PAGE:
But Johnson’s government won’t re-present the existing WA, while revocation would entail cancelling the result of the referendum. That would be hugely controversial and could cause immense and lasting damage to the bonds of trust between voters and the political class. It’s very difficult to envisage a majority of MPs agreeing to it.
A further option is an early election but the only way to force one without the government’s agreement is to defeat it in a vote of no confidence. That would require support from some Conservative rebels, but voting against one’s government in a confidence vote is a career-ending decision. Only a handful would genuinely consider it.
Besides, the question may now be moot. The earliest such a vote could take place is 4 September, the day after Parliament returns from recess. According to the Fixed Term Parliaments Act (FTPA), if no new government were formed within two weeks, an election would take place, but with the statutory delay of five weeks, the earliest date would be 25 October.
Yet the FTPA gives the Prime Minister discretion over which date to recommend to the Monarch, and the election could easily be delayed until after Brexit day.
Remainers’ best option appears to be to seize control of the legislative agenda and seek a further extension to Article 50. But this is not guaranteed either. The previous extensions prompted an electoral surge for the Brexit Party and a collapse in Conservative support. Johnson will look to rebuild this support during the summer with his clear pro-Brexit message. But there are also 20 Labour MPs holding marginal seats in areas where the Brexit Party secured 40% in the European elections. These MPs’ seats would be at risk in any pre-Brexit election and some might prefer a no deal Brexit to another extension.
If Parliament did vote for an extension, however, that could signal an early election, as Johnson called on voters to replace an obstructionist Parliament. It would require a two-thirds majority vote in the Commons, which Labour would probably support. Johnson could seek a mandate to complete Brexit, with or without a deal, and look to mobilise Leave-supporting voters to the Tory banner. Labour, meanwhile, would face a difficult choice over whether to campaign for a referendum or its own Brexit deal.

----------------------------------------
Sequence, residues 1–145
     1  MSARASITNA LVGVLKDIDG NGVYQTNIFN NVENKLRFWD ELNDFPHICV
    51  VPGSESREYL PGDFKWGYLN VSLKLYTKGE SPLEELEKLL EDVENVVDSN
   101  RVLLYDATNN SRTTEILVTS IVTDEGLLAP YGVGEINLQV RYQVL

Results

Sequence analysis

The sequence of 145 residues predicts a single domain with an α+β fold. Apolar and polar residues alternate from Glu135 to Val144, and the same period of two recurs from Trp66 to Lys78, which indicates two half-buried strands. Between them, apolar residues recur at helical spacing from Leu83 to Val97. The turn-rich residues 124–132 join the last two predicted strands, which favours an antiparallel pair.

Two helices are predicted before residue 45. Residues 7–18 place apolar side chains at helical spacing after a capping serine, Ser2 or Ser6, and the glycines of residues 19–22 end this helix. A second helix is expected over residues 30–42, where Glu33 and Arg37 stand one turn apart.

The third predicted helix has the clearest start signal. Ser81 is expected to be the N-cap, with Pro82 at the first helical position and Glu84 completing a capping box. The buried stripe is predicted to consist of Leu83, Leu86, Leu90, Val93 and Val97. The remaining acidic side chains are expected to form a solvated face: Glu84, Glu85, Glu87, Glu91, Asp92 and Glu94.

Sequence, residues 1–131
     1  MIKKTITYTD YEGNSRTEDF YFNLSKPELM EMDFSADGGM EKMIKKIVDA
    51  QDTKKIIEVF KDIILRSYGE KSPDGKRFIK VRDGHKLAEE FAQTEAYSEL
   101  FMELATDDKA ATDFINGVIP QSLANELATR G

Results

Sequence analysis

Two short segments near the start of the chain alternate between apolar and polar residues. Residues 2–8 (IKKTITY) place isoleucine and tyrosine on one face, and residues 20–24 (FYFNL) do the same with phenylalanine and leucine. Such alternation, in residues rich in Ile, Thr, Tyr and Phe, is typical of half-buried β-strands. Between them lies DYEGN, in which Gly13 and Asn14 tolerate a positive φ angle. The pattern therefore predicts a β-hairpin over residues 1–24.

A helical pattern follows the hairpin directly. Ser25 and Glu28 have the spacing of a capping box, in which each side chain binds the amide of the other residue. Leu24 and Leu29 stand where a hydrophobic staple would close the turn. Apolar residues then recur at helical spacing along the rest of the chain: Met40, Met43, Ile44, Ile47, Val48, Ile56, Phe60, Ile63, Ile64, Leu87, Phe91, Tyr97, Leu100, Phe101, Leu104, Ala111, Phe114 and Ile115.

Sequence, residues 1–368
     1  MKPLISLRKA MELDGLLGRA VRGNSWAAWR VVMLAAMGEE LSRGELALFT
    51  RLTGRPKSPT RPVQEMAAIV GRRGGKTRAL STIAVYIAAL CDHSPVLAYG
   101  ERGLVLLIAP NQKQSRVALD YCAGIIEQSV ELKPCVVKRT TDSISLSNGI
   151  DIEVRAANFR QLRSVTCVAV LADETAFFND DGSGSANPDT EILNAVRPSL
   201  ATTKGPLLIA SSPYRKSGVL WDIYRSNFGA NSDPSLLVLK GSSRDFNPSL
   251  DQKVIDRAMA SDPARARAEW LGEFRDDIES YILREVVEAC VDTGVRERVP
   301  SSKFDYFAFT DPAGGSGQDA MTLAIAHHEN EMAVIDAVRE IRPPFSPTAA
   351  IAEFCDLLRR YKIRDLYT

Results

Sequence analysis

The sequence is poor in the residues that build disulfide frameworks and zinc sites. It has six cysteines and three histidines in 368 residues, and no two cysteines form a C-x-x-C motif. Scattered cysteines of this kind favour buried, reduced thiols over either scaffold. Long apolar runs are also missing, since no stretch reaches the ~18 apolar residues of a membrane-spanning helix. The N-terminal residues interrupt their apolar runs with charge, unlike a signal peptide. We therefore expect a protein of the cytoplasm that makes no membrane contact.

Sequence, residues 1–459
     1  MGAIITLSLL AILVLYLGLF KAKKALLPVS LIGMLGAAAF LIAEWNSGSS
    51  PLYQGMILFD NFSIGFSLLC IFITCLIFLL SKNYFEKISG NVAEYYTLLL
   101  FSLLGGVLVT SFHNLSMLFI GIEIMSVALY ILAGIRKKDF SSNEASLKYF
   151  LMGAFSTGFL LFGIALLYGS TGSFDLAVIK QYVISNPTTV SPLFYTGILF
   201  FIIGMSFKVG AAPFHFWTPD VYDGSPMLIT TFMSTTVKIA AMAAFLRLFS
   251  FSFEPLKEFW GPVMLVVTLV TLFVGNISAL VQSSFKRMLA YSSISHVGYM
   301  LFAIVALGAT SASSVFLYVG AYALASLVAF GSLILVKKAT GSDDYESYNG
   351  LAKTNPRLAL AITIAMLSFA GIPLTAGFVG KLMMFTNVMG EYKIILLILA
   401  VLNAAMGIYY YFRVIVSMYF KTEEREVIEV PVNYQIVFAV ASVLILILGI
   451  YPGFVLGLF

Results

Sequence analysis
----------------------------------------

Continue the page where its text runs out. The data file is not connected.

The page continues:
An election win would strengthen Johnson’s hand in negotiations with the EU. There remains a belief among Brexiteers that the EU will negotiate. It blinked over Article 50 when it had previously signalled that an extension would be granted only for an election or a second referendum but ultimately settled for neither in its desperation to avoid no deal. Brexiteers concluded the EU could also blink on the backstop, provided it was credibly threatened with no deal.
That credibility might strengthen if vocal prime-ministerial backing endows a no deal outcome with greater legitimacy and support among MPs, pundits and voters over the summer. We may soon discover whether the Brexiteers’ calculation is correct.
By Tom Quinn, Senior Lecturer, Department of Government, University of Essex.